Miquel Berbel, who heads the company’s chessboard division, spotted one of their sets in the final episode of the show. In the nail-biting finale, chess prodigy Beth Harmon goes to Moscow to take on Russian world champion Vasily Borgov in a match played on an elegant black-framed board with a decorative red-and-yellow border.
“There are very particular boards that only we make, and that board was 100 percent one of ours,” Berbel said.
The board was custom-made for the company’s first international customer, a board games distributor in Berlin where the series was partially filmed.
When Ferrer heard about it, he was excited, but it was not the first time that their boards had featured in films or TV series.
“I was excited ... but I didn’t expect this sort of response at all,” he said. “Demand is crazy. We’re getting a huge amount of e-mails and we can’t answer them all.”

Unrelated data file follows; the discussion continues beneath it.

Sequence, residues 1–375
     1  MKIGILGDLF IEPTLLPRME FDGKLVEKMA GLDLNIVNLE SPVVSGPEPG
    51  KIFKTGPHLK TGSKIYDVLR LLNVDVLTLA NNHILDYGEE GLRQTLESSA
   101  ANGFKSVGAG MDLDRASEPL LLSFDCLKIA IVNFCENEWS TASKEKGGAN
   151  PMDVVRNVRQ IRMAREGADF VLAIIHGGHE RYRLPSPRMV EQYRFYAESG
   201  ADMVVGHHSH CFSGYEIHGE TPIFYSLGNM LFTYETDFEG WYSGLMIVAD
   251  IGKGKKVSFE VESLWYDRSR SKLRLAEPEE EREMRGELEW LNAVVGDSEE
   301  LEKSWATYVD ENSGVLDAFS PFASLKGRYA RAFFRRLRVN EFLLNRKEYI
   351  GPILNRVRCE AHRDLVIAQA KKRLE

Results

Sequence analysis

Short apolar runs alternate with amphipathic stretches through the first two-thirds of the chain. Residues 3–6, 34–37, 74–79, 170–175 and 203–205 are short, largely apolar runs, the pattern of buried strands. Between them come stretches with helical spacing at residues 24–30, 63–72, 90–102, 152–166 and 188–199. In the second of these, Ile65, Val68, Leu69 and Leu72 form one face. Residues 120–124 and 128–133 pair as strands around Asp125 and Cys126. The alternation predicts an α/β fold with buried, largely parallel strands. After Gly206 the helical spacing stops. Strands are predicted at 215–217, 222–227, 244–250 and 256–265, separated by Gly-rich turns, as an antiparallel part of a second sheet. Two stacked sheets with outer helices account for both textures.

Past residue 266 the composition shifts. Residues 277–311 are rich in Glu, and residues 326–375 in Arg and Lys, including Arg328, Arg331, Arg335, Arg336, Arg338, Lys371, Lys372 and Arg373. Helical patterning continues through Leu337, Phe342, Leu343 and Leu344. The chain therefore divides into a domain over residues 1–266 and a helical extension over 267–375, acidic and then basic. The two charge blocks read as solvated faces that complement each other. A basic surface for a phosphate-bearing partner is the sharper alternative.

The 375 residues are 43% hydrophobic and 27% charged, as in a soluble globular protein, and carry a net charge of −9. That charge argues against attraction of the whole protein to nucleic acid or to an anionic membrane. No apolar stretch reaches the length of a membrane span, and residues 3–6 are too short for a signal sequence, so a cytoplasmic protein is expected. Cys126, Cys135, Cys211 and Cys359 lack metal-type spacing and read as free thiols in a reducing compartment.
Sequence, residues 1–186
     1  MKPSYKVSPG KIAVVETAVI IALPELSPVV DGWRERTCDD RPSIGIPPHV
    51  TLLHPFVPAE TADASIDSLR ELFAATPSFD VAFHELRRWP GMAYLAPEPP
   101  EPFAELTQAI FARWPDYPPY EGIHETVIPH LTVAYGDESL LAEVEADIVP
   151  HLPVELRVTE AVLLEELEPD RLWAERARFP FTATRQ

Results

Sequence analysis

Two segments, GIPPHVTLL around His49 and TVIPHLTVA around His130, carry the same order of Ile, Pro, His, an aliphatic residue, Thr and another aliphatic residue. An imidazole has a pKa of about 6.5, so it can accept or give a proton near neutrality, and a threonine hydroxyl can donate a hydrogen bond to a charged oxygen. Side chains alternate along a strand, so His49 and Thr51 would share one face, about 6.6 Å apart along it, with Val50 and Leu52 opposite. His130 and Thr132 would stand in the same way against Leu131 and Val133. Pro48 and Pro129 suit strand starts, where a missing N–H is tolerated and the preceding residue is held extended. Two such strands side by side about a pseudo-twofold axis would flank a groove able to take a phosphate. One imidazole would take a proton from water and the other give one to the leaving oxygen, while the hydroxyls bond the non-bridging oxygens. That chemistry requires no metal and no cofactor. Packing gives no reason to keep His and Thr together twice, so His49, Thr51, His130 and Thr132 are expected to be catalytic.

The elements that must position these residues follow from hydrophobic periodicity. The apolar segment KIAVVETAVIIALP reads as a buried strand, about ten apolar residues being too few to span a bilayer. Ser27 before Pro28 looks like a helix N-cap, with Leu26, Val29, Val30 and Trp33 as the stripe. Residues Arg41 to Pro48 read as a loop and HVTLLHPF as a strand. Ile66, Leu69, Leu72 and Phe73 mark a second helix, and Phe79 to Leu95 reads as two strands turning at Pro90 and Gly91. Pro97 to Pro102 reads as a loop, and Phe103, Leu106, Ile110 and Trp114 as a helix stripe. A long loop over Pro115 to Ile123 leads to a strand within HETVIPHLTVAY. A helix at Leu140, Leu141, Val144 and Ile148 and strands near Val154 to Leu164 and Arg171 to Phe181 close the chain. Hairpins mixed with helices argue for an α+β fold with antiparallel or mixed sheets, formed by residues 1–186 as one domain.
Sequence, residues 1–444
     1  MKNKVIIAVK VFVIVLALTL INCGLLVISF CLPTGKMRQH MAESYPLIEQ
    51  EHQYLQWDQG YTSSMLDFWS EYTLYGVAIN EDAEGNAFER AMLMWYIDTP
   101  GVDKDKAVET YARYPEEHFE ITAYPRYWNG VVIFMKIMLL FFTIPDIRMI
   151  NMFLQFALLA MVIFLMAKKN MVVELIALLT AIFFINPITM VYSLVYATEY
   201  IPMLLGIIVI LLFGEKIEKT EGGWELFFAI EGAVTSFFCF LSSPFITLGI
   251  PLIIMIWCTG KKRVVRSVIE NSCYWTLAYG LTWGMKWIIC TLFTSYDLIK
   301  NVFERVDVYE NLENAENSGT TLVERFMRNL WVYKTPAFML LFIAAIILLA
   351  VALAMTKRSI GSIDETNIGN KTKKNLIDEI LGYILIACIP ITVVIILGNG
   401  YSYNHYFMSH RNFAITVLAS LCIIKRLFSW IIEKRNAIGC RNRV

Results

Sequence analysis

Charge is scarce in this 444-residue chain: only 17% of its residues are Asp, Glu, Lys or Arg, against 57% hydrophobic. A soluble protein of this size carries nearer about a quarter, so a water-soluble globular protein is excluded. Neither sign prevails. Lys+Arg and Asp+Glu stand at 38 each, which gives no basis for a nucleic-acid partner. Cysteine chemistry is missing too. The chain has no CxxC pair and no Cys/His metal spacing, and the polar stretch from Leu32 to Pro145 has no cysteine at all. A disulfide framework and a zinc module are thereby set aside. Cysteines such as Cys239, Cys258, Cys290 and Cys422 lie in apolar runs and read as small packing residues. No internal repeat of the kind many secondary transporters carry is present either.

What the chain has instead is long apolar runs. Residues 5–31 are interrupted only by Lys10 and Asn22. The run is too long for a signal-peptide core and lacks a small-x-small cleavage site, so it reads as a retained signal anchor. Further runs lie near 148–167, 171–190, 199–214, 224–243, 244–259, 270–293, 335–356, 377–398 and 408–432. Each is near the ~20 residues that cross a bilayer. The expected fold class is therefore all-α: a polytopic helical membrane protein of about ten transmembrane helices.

Orders began to increase early last year when the COVID-19 pandemic first hit and lockdowns began, but they really took off after The Queen’s Gambit premiered in October, prompting the firm to hire three new workers.
“To meet demand, we ought to be doubling or tripling the workforce, and we don’t want to go down that route because we don’t know how long it’s going to last,” Ferrer said.
Making chessboards is a slow process. A worker first selects high-quality wood that is trimmed into long thin sheets of light and dark colors.
With the help of a machine, another craftsman sews the sheets tightly together with a sticky thread, checking constantly to make sure there is not the slightest gap between them.
The board is then varnished before being packaged.